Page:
“If women want rights more than they got, why don’t they just take them, and be talking about it.”
Sojouner Truth was born as Isabella Baumfree as a slave. After she was promised freedom from her owner and then denied it, she ran and successfully escaped. She used her freedom to be a voice for all. Not only did she fight to free slaves but she deeply believed in a society where all were free and treated equally.
Truth’s story teaches all children the importance of standing up for what you believe is right regardless of if it makes you popular, is the dominant belief, and having a strong voice. She also has a really interesting story for gender. She once stood up to a critic in the audience of her speech that accused her of not actually being a woman by showing her breasts to the crowd! She was also the first black woman to fight and win in court against a white man. Truth traveled the country advocating for a ban on corporal punishment, prison reform, and human rights—all of which are still popular debates today!
Thankfully, there are multiple books on Sojourner Truth:
“You must not deal with the symptoms. You have to get to the root causes by promoting environmental rehabilitation and empowering people to do things for themselves. What is done for the people whithout involvin them can not be sustained.”
Wangari Maathai is known for her significant work on both women’s rights and environmental protection. She was born and raised in Kenya, moved to America on a scholarship to complete her bachelor’s and master’s degrees and became the first woman in east and central Africa to earn her doctorate from the University of Nairobi. She created Green Belt Movement that is an organization that pays village womanto plant trees and improve the environment. The UN reports that she helped alomost 900 women! After winning a seat on the country’s parliament, she won the Nobel Peace Prize for, her “holistic approach to sustainable development that embraces democracy, human rights, and women’s rights in particular.”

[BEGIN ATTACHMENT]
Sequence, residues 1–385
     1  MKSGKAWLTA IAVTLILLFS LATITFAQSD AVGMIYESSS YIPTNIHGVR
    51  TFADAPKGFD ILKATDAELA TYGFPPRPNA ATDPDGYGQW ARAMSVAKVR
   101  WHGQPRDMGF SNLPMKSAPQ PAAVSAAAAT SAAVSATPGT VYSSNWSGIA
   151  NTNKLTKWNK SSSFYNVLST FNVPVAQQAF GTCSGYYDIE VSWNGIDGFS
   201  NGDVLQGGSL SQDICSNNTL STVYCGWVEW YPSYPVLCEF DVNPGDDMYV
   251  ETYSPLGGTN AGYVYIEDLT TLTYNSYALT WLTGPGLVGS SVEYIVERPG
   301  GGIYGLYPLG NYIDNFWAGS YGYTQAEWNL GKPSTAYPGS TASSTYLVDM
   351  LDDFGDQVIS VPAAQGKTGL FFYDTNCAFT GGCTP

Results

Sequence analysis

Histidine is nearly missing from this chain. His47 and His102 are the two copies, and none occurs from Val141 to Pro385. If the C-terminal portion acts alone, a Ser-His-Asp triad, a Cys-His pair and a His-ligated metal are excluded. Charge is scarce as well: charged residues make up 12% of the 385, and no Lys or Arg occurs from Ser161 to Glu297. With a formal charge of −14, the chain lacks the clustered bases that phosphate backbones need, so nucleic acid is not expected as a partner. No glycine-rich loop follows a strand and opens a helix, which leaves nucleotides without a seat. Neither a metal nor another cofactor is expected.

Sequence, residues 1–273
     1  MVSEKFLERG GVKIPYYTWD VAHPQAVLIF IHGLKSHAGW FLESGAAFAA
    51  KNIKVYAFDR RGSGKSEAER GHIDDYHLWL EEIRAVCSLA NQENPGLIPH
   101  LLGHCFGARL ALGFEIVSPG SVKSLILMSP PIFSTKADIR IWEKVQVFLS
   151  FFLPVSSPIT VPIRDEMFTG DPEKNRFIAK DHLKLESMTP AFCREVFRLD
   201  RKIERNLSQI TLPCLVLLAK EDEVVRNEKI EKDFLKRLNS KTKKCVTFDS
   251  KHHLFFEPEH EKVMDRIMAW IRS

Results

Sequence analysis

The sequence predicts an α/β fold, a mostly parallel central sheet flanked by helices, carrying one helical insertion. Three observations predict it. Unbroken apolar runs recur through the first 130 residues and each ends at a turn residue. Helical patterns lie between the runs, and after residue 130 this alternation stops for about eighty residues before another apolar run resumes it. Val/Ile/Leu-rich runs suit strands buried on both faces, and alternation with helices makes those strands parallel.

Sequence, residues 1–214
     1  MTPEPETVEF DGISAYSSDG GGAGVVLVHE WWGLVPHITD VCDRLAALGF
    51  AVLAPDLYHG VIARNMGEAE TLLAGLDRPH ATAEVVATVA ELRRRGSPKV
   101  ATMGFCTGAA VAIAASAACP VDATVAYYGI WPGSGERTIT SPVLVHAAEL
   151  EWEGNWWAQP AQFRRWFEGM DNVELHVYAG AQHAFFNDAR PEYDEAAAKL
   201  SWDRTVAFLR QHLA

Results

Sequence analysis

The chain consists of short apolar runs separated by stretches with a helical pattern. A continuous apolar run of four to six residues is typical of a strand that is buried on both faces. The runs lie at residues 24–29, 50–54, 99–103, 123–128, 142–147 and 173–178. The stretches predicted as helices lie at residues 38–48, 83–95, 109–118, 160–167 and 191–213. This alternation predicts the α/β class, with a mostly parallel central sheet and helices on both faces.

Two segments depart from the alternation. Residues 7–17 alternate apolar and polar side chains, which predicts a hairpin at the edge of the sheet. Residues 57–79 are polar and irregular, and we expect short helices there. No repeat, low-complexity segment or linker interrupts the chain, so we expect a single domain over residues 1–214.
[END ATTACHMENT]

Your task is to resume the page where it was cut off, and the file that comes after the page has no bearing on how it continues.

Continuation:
Maathai’s story shows children that societal problems are integrated and can addressed as a whole as Maathai did. Like Truth, she didn’t let statistics or standards determine what she would do. She earned her doctorate even though few women had done so before which led her to earn the Nobel Peace Prize and change the lives of millions through her efforts with Green Belt Movement and environmental protection. Her life should encourage you and your child to get out there and plant a tree this weekend!
There are so many books on Maathai as well:
This week’s research on awesome women comes from Fight Like a Girl: 50 Feminists Who Changes the World. It just came out last week and is such an easy, fun read! I totally recommend it for you educators, librarians, parents and anyone who is interested in reading about awesome women. Each woman is only about 3-4 pages and the author, Laura Barcella, just comes right out with the most important parts of their lives and contribution to feminism.
Tag me in your book hauls or when your little ones are enjoying the books. I love seeing them!